The next step is to create a script that will find and enqueue all the Amazon television pages, which we will then use to parse out the product details. Create a folder called “parsers” in our project root directory:

$ mkdir parsers

Next create a file called “listings.rb” inside this “parsers” folder. Since we set the “page_type” to “listings” in our seeder, the seeder and any other pages with this “page_type” will be run against this “listings” parser. This is where we will write the code to extract and enqueue the links to the televisions as well as links to more listing pages from the pagination, which are the numbered links at the bottom of a page that lead to more pages (Previous, 1, 2, 3, …). First add the following line to the top of this “listings.rb” file:

nokogiri = Nokogiri.HTML(content)

The “content” variable is a reserved work that contains the html content data from the actual page. With this line we are loading the html into Nokogiri so that we can search it easily. Next we are going to extract the movie links from this page. Copy and paste the following below the line you just created:

products = nokogiri.css('#mainResults li', '#resultsCol li')
products.each do |product|
  a_element = product.at_css('a.s-access-detail-page')
  if a_element
    url = a_element['href'].gsub(/&qid=[0-9]*/,'')
    if url =~ /\Ahttps?:\/\//i
      pages << {
          url: url,
          page_type: 'products',
          vars: {
            category: page['vars']['category'],
            url: url
          }
        }
    end
  end
end

Let’s take a look at this code. In the first line we are telling Nokogiri to find all “li” elements inside the two divs with “ids” equal to “mainResults” and “resultsCol.” This will give us list elements that each contain a link to a television product. Next we loop through each of these list elements and look for a link inside with the class “s-access-detail-page.” This is the link to the Amazon product page which has all the detailed info that we want. We do a check to make sure the link element exists and if it does we extract the “href,” which is the url. The “gsub” call removes the “qid” from the url as it is not necessary.

Once we have the full url for each television product we then enqueue it by passing it to the “pages” variable. We set the “page_type” to “products” and will soon create a “products” parser to extract the television details. We also pass the “category” and “url” to the product parser by utilizing the “vars” hash. Any values we set here will be passed to the corresponding parser. In this case, we are scraping two different television categories, so we want to make sure we send that category (which we originally set in the seeder) so it can be saved for each product.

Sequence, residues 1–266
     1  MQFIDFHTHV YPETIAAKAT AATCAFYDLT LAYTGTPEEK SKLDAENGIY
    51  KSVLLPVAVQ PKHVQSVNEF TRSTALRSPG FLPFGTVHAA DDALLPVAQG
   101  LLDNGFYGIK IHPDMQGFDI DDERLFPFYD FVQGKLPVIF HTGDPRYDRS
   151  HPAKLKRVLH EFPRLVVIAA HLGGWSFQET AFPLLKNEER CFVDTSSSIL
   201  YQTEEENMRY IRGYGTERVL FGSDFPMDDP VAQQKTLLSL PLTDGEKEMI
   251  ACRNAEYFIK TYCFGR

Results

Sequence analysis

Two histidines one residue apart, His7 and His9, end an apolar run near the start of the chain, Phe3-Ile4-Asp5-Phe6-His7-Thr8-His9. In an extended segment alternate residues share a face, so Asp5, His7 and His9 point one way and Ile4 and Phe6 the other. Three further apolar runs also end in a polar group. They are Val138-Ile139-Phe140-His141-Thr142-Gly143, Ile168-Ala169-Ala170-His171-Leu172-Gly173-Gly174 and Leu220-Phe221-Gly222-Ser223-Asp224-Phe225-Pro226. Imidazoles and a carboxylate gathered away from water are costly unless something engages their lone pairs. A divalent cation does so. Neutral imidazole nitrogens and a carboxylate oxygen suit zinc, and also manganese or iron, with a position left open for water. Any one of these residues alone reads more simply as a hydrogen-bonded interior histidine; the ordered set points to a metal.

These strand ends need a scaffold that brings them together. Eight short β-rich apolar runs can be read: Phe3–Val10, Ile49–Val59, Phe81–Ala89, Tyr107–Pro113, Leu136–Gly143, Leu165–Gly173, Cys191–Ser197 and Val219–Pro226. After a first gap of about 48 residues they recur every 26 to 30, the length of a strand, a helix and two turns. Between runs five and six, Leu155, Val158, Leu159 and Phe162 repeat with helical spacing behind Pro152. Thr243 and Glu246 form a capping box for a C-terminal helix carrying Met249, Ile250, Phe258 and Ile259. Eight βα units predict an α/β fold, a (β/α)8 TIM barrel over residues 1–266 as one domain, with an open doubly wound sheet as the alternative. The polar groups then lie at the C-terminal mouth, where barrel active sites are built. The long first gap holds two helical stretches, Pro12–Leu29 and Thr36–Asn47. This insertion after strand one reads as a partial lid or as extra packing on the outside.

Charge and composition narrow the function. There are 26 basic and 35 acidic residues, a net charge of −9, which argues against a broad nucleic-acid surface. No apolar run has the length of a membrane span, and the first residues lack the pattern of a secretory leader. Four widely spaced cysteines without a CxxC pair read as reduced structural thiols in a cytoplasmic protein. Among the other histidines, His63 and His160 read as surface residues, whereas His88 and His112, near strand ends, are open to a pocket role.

Now that we have enqueued television urls from the first seeded listing page, we need to add more listing pages from the pagination at the bottom so we can get every television url available. Paste the following code below the code you just added.

pagination_links = nokogiri.css('#pagn a')
pagination_links.each do |link|
  page_num = link.text.strip
  if page_num =~ /[0-9]/
    url = "https://www.amazon.com/s/ref=sr_pg_3?rh=n%3A172282%2Cn%3A%21493964%2Cn%3A1266092011%2Cn%3A172659%2Cn%3A6459737011&page=#{page_num}&ie=UTF8"
    pages << {
        url: url,
        page_type: 'listings',
        vars: {
          category: page['vars']['category']
        }
      }
  end
end

Here we are enqueuing all “paginated” links by getting every link (“a” element) inside the “div” with “id” “pagn.” We then iterate through each “a” element and get the inner text from each. We want to ignore the links that say, “Previous” and “Next” because they have a different format, so we use a regular expression to make sure that the text inside the link is a number. Then we use this number, which we call “page_num,” to create a link to the corresponding page. We then enqueue this link, set the “page_type” to “listings” and set the “category” to the “category” that was passed in through the page variables.

Let’s try out our “listings” parser to see if there are any errors. First, let’s see what the seeded pages looks like by running the following command:

answersengine scraper page list amazon-tvs

The output should looks something like the following:

[
 {
  "gid": "www.amazon.com-68d081564e3be1c4dd047d67e6556b09", # Global ID
  "job_id": 70,
  "page_type": "listings",
  "method": "GET",
  "url": "https://www.amazon.com/s/ref=lp_172659_nr_n_0?fst=as%3Aoff&rh=n%3A172282%2Cn%3A%21493964%2Cn%3A1266092011%2Cn%3A172659%2Cn%3A6459737011&bbn=172659&ie=UTF8&qid=1547749731&rnid=172659",
  "effective_url": "https://www.amazon.com/s/ref=lp_172659_nr_n_0?fst=as%3Aoff&rh=n%3A172282%2Cn%3A%21493964%2Cn%3A1266092011%2Cn%3A172659%2Cn%3A6459737011&bbn=172659&ie=UTF8&qid=1547749731&rnid=172659",
  "headers": "User-Agent: Mozilla/5.0 (Macintosh; Intel Mac OS X 10_11_6) AppleWebKit/537.36 (KHTML, like Gecko) Chrome/71.0.3578.98 Safari/537.36",
  ...
 }, 
...
]

We want to take the “gid” (Global ID) and try our parser against this specific page to check the output. Copy the “gid” and replace it in the following command:

$ answersengine parser try amazon-tvs parsers/listings.rb www.amazon.com-68d081564e3be1c4dd047d67e6556b09  

You should see output similar to the following:

Trying parser script
getting Job Page
=========== Parsing Executed ===========
----------- New Pages to Enqueue: -----------
[
  {
    "url": "https://www.amazon.com/TCL-55S405-55-Inch-Ultra-Smart/dp/B01MTGM5I9",